Hubble spots densest galaxy yet

Scientists believe they could have discovered a galaxy 15,000 more dense than the Milky Way


Credit: X-ray: NASA/CXC/MSU/J.Strader et al, Optical: NASA/STScI

Scientists could have discovered a galaxy 15,000 more dense than the Milky Way

By Kieron Allen

Scientists using the Hubble Space Telescope believe they may have identified the densest galaxy ever to be discovered in our corner of the Universe.

M60-UCD1 has been described as an ultra-compact dwarf galaxy, weighing 200 million times more than our Sun with a density of stars 15,000 times greater and 25 times closer together than in the Milky Way, making it the most luminous and most compact galaxy of its type.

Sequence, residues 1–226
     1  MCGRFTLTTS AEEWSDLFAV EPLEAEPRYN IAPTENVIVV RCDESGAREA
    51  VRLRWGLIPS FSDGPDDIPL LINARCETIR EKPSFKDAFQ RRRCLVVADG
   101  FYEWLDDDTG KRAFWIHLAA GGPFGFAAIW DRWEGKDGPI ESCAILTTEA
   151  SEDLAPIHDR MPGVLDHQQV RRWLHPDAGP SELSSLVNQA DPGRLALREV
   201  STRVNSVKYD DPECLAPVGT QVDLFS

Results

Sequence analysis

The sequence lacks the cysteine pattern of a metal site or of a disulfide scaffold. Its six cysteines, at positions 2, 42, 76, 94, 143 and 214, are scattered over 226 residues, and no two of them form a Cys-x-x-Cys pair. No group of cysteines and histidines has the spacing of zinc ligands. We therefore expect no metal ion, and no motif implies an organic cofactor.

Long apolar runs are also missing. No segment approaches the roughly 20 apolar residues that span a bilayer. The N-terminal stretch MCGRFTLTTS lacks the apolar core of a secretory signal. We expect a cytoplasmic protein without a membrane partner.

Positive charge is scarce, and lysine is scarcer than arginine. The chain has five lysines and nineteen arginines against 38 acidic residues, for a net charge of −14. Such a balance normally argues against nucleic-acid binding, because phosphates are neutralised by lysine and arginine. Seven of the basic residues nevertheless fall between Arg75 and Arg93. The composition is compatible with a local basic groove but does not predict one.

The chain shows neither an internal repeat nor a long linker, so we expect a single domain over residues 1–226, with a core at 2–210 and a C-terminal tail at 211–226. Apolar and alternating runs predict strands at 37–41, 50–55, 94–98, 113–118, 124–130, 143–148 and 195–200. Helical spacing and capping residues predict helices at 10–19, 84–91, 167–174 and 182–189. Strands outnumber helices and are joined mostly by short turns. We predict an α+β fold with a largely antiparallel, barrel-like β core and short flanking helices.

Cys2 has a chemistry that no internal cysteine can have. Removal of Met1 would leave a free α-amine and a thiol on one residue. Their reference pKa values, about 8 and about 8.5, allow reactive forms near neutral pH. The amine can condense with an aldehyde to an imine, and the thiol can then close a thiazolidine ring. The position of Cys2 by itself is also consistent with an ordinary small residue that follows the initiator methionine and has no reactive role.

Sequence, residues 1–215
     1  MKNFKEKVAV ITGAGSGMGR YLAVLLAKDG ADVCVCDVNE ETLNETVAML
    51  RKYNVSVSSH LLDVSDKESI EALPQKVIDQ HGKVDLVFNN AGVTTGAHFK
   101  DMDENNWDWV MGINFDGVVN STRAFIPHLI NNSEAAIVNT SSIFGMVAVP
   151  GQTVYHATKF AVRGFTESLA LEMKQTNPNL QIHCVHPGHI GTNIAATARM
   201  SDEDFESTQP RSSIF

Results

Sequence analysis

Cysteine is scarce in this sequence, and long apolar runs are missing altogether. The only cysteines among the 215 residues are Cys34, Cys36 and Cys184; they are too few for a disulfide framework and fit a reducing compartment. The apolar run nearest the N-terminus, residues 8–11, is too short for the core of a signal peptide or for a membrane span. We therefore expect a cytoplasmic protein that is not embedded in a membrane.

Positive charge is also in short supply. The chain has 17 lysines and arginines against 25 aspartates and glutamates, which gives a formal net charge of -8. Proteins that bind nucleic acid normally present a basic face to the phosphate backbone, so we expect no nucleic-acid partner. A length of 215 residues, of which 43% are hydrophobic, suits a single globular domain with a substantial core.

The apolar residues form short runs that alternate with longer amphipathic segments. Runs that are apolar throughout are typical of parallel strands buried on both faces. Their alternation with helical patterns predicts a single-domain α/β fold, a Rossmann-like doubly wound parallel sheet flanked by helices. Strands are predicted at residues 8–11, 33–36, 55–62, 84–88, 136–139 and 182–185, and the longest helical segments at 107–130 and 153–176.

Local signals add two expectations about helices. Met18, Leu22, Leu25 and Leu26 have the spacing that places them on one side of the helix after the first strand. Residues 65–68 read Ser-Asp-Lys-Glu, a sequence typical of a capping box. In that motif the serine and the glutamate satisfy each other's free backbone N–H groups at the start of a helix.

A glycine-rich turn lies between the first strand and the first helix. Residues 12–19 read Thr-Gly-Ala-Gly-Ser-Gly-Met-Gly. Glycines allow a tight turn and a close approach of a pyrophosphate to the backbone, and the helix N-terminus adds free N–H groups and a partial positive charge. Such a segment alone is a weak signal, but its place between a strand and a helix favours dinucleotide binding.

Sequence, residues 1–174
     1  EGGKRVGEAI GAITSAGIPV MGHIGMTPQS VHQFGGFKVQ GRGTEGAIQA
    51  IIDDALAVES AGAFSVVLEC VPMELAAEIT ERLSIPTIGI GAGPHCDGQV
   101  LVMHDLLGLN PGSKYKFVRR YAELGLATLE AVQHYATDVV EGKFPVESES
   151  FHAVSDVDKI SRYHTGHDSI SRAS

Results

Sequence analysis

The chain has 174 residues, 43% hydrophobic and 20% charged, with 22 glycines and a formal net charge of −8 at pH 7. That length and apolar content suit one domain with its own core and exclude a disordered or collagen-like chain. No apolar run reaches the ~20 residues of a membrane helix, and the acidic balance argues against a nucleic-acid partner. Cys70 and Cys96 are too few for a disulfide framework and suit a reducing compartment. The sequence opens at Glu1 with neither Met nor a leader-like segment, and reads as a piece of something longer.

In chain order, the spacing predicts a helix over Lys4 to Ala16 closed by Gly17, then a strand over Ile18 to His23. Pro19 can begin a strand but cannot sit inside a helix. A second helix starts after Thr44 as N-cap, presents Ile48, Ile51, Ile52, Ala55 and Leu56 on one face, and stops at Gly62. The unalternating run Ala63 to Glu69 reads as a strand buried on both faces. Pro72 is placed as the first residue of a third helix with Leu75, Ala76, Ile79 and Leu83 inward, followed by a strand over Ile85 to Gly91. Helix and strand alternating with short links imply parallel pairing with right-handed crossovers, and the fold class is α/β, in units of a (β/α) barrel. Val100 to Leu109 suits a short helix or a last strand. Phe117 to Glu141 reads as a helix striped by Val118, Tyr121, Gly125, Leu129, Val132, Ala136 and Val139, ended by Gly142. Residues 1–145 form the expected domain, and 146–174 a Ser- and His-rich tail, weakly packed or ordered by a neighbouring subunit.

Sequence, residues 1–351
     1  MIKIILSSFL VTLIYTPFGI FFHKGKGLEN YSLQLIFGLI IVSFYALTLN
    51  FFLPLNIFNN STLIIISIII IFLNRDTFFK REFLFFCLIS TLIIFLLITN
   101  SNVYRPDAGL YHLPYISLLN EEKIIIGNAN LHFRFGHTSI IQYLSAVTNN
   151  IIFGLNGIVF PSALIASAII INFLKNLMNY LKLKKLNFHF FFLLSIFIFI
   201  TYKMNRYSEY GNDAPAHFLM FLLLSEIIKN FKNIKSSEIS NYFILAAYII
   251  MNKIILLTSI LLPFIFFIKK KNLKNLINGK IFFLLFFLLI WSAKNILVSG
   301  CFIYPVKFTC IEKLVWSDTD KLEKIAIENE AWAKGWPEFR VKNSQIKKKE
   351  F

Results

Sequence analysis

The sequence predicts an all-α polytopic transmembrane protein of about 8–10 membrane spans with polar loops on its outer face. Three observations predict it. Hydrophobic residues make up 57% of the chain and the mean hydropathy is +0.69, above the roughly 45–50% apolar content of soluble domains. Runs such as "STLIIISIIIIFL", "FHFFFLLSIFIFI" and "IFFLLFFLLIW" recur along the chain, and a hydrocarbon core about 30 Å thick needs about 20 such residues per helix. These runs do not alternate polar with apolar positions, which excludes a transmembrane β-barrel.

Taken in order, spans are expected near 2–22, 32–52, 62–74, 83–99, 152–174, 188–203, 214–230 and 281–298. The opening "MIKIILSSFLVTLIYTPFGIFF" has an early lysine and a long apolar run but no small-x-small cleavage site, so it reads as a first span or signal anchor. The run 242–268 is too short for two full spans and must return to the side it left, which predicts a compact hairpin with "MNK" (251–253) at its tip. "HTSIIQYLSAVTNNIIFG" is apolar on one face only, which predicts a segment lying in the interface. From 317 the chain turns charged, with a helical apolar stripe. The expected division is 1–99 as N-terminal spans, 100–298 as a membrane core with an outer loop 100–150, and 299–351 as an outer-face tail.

"Traveling from one star to another would be a lot easier in M60-UCD1 than it is in our galaxy," said Jay Strader of Michigan State University, US. "But it would still take hundreds of years using present technology."

By combining data from NASA’s Chandra X-ray Observatory and some of the world’s most advanced ground-based telescope, the original Hubble image has been transformed into an intricate composite showing the bright galactic centre and surrounding neighborhood.


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